Review - Exorsisters #1 (@imagecomics)

"Smells like a mix of sulfur and tragedy. A demon was here recently."

Throughout history there have been numerous instances of individuals confronted with things they can't quite explain. Often times the explanation turns to the supernatural as a means of rationalizing things and in Exorsisters #1 from Image Comics that rationalization involves a pair of sisters solving cases. The issue is written by Ian Boothby, illustrated by Gisèle Lagacé, colored by Pete Pantazis and lettered by Taylor Esposito.

Did you sign a deal with the Devil? Has your fiancé been dragged to Hell? Then Kate and Cate Harrow should be the first ones you call for timely soul retrieval at a reasonable rate! But why are these identical twins so different? Is there a darker secret?

Demon hunting certainly isn't a new plot device, but Boothby uses it to rather comedic effect with Kate and Cate Harrow. The entire first issue follows them investigating a mysterious event with equal parts humor and drama, allowing each of the Exorsisters to bring a different emotional approach to the proceedings. Boothby uses each to balance one another while at the same time fleshing out the world they inhabit; one where trips to Hell are quite frequent and there's a sense of levity to the underworld. The issue is paced very evenly as well, with Boothby spending plenty of time with the sisters in all manner of setting to really convey to the reader how they operate. Boothby even adds a pretty interesting twist at the end of the issue that promises to give the series a bit more life so it's not just a mystery of the week type series.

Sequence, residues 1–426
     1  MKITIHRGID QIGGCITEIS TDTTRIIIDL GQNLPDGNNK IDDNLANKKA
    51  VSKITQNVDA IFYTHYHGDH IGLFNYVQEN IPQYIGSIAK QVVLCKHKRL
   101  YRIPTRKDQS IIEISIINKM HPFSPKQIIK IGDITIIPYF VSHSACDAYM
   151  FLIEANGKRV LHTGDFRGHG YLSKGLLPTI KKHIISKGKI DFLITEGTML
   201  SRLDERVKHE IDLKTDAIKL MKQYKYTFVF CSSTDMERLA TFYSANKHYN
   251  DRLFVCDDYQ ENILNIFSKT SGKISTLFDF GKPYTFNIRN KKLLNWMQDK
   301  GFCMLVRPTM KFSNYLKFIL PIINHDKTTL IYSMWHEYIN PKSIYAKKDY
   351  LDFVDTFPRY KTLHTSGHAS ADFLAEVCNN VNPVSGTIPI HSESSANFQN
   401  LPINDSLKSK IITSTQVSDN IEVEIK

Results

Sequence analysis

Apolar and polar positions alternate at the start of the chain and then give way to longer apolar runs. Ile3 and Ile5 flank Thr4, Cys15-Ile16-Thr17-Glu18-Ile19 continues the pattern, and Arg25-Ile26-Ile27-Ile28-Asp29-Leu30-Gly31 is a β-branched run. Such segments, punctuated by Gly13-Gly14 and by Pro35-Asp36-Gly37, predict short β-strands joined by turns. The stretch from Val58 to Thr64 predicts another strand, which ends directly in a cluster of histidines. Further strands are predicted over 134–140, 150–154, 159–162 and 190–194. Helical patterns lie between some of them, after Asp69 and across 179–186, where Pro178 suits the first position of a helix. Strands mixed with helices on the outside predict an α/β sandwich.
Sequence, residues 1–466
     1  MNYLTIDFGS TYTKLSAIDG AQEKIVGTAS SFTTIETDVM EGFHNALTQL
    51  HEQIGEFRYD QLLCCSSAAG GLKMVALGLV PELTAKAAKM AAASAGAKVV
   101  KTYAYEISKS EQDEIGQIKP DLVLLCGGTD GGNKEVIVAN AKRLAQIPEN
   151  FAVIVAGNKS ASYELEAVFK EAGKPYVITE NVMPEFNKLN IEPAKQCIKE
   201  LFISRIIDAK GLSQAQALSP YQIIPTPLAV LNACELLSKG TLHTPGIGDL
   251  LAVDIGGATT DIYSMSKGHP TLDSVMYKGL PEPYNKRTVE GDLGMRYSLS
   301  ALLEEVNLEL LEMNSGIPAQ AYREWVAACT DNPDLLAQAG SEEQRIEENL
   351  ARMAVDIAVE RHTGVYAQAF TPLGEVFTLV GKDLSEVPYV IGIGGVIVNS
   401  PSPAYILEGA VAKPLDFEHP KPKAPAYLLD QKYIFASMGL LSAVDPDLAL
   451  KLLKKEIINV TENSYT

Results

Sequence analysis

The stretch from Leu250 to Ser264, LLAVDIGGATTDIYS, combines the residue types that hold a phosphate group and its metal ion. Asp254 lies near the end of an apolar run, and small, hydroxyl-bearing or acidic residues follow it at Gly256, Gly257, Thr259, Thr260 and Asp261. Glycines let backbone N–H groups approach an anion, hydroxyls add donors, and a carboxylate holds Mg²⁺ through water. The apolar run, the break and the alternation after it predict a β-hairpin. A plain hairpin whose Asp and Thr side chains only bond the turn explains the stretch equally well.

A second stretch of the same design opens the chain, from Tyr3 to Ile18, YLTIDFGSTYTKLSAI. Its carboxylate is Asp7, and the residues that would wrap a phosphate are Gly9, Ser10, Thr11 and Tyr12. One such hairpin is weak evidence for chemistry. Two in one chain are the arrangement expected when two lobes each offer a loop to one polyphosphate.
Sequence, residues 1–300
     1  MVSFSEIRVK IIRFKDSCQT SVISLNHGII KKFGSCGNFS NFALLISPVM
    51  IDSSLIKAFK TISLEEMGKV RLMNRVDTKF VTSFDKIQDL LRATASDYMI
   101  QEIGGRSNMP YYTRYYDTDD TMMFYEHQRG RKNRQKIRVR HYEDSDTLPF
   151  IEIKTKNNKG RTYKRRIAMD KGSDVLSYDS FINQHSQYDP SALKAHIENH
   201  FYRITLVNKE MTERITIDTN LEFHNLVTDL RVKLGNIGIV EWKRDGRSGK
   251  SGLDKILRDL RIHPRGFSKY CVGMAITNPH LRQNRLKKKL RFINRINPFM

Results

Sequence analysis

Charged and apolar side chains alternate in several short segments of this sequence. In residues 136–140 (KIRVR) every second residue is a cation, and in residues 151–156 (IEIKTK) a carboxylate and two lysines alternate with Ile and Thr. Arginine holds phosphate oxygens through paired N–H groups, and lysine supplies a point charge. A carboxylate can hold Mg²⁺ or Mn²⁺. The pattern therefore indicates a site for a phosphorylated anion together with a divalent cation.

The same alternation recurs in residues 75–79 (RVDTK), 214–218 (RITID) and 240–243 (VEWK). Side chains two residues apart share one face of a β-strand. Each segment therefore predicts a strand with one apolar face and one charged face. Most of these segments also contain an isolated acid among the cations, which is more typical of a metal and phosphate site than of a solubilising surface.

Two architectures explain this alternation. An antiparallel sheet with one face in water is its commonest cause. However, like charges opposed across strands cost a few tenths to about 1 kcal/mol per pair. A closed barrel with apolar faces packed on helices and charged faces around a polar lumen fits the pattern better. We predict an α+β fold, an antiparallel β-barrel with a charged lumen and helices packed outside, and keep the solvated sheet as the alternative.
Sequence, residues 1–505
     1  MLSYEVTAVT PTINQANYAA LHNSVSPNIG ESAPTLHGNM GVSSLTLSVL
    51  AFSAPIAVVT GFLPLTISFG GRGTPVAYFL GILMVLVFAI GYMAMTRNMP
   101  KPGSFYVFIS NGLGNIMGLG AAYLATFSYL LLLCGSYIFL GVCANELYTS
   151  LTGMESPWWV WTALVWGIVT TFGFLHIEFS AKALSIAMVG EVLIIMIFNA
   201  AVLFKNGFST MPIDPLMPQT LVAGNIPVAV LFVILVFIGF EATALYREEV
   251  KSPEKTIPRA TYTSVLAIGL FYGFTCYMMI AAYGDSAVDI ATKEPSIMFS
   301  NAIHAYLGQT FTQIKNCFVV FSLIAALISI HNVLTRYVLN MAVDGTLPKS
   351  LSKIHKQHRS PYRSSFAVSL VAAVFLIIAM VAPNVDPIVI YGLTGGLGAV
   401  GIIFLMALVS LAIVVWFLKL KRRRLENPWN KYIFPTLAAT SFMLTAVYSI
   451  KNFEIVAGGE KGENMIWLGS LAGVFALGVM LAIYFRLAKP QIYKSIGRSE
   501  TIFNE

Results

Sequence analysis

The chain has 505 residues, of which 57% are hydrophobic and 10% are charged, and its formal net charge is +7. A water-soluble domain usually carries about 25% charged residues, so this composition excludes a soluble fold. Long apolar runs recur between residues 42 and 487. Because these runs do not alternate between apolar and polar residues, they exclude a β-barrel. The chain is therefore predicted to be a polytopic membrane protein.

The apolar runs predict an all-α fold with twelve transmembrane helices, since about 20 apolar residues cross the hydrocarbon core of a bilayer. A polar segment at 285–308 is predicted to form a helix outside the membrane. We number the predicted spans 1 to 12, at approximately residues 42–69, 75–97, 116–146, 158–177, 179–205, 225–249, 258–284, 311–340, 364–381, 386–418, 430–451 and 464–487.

Lagacé uses an illustrative style that's very friendly to readers of all ages in its approach. The two main characters have a look that blends together black and red very well; Lagacé uses this to really impress upon the reader their abilities to delve into the underworld to investigate issues arising. It's readily apparent that Lagacé didn't want to deluge the reader with images that are too demonic and horrific so her lighter approach definitely helps to underscore the humor in the story. The relatively simple panel layouts throughout the issue also keep things moving in a very easy to follow way. Pantazis keeps things bright with vivid colors throughout the issue, again lightening the otherwise dour mood.

At its core, Exorsisters #1 is a whodunnit with a couple of fun twists that keep things light. Kate and Cate are really good at what they do, which means the reader gets a glimpse into what is presumed to be a rather turbulent lifestyle. The concept of the book is engaging (albeit somewhat ho-hum) in that Boothby blends together equal parts Buffy: The Vampire Slayer and The Good Place. The artwork by Lagacé is somewhat bubbly and similar to what you'd see in a BOOM! Box title. Exorsisters #1 is a fun comic that will likely appeal to younger readers.

Exorsisters #1 is available now.